Starting Water Wash is a tributary of Upper Kaibito Creek. It flows unremarkably for many miles across the Kaibito Plateau before forming a very spectacular slot canyon near the junction with the main creek.
Part of the excitement of exploring slot canyons is the danger of flash floods. Several years ago a group of hikers were drowned when they were caught unaware by a flash flood. It is possible for a flood to happen if it should rain just a few miles away. In the desert, the sky can be clear above you, yet raining nearby.
We hiked the narrows for an hour or so, until the sky began to fill with clouds. As we exited the wash, it began to lightly rain. Luckily there was no storm and we were able to hike further into the wash the next morning. It was awe-inspiring to see tree trunks wedged between the walls, as high as twenty feet above the ground. Many times we had to turn sideways to continue on as the walls narrowed to as little as two feet apart.
Our next destination is the Grand Staircase-Escalante National Monument. President Bill Clinton formally created this Monument in 1996. It encompasses nearly 1.9 million acres. Think of it as a big triangle with the tips being Lake Powell, Bryce Canyon National Park and Capitol Reef National Park.
Our path took us across the Glen Canyon Dam, well, actually across the bridge directly in front of the dam. The Dam is 710 feet high and when the lake was filled, the water flooded the canyons along this part of the Colorado River for 186 miles upstream!
The bridge we crossed is about 15 miles north of the historic Colorado River crossing of Lee’s Ferry. Lee’s Ferry was the only river crossing in the region from 1872 until the construction of the Navajo Bridge in 1929.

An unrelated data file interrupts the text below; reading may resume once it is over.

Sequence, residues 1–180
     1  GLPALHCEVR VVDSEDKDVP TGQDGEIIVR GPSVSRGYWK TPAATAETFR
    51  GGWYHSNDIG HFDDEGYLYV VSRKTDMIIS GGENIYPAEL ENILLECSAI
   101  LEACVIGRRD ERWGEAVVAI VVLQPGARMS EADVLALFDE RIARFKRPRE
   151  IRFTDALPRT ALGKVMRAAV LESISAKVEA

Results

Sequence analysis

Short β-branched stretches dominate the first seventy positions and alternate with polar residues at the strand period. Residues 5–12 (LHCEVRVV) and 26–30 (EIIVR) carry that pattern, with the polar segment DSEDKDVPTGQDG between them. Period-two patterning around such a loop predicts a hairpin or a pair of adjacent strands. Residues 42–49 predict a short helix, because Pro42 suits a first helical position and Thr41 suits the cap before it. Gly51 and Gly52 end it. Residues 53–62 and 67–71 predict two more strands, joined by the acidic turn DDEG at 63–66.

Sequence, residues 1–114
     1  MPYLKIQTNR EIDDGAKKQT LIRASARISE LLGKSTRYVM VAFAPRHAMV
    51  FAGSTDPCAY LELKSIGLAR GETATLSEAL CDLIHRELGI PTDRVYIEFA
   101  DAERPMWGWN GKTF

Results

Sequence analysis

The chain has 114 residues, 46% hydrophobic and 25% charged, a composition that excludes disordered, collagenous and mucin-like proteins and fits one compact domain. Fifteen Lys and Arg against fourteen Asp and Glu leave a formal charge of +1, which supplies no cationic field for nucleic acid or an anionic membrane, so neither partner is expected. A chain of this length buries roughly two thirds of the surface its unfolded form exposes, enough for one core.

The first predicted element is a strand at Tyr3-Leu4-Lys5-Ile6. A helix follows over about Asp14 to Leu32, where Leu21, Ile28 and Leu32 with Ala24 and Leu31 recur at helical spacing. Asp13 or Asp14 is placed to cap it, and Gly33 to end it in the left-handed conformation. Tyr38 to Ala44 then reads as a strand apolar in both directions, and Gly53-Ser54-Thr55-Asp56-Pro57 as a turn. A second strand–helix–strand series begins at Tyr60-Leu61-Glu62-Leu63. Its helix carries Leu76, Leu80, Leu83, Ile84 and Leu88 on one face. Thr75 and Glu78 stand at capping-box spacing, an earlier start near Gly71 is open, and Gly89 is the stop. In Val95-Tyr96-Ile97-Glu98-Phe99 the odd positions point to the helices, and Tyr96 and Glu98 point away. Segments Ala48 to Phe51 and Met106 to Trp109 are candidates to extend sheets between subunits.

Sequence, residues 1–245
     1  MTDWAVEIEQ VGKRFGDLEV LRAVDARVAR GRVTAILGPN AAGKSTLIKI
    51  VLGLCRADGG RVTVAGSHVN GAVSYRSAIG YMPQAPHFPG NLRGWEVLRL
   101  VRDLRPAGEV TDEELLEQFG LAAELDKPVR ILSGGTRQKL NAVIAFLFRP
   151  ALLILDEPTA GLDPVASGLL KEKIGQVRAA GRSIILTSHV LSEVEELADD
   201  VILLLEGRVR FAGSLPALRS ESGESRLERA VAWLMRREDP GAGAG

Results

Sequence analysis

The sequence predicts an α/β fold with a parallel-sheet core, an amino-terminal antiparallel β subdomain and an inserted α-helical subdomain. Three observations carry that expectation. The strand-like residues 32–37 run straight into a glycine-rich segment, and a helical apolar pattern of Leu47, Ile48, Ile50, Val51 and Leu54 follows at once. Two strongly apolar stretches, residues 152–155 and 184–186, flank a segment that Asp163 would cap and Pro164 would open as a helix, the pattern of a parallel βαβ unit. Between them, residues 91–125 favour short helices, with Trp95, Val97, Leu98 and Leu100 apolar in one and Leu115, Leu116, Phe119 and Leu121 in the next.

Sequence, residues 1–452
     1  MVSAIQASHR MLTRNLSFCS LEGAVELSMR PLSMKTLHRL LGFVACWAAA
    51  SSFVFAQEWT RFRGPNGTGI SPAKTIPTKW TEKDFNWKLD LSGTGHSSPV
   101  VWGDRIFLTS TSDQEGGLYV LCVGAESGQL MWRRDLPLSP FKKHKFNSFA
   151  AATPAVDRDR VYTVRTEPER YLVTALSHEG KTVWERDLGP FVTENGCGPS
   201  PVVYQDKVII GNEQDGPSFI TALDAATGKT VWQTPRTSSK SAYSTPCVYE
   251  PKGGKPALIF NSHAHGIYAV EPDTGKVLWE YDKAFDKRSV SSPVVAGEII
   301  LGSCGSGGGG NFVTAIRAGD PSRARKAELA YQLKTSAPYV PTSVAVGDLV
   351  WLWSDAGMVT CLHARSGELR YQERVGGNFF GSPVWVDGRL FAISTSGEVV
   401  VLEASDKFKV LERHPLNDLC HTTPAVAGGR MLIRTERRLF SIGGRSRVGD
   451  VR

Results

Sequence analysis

We made camp about 5 miles into the Grand Staircase on the edge of a cliff overlooking the Paria River (pronounced pa-ree-ah). It was nearly sundown so we only got a glimpse of the terrific views waiting for daylight. What a sunrise! As we waited for our coffee to boil we were treated to a view that stretched from the Paria River at our feet to the Vermillion Cliffs, 50 miles away. When we looked down at our feet, we discovered that we were camped atop a fossilized reef of oyster shells. We climbed around the rocks and fossils exploring the clumps of shell fossils.
We then continued our way through the Monument on unpaved roads, being ever wary for flash floods. Fortunately our way was never blocked by water, although we had to negotiate through many washes and over the runoff. One of the roads in the Monument is the Hole in the Rock Road. This 60-mile- long, dead-end road is the same route that pioneering Mormons took in 1879-80. When the pioneers reached the cliffs of Glen Canyon with their wagons, they were not to be deterred from reaching their destination. They blasted and hammered their way down the cliff, creating a route wide enough to lower their wagons to the floor of the canyon.
We also hiked up the Lower Calf Creek to view a set of life size human-like pictographs created by the Fremont Indians a thousand years ago. There were ruins for us to explore at Anasazi State Park and more petroglyphs to find at Capitol Reef National Park. Anasazi is the older term that many people used before they used the term Ancient Puebloans. Anasazi is a Navajo term meaning ancient ones, or more correctly ancient enemies. The current Hopi and the Rio Grande Pueblo residents prefer the term Ancient Puebloans.